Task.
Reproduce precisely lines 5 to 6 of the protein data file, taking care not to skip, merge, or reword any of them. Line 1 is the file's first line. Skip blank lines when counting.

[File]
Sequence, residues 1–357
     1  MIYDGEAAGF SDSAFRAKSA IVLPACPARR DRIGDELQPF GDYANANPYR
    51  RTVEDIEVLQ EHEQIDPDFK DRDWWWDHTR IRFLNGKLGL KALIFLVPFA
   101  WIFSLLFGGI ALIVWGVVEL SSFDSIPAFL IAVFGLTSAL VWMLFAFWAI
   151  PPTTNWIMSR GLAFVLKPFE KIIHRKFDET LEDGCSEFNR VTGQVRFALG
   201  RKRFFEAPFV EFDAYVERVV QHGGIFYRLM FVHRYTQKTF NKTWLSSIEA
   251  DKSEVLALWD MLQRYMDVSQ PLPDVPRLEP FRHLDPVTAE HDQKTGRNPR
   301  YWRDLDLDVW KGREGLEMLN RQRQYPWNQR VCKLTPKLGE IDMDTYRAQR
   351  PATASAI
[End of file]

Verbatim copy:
   151  PPTTNWIMSR GLAFVLKPFE KIIHRKFDET LEDGCSEFNR VTGQVRFALG
   201  RKRFFEAPFV EFDAYVERVV QHGGIFYRLM FVHRYTQKTF NKTWLSSIEA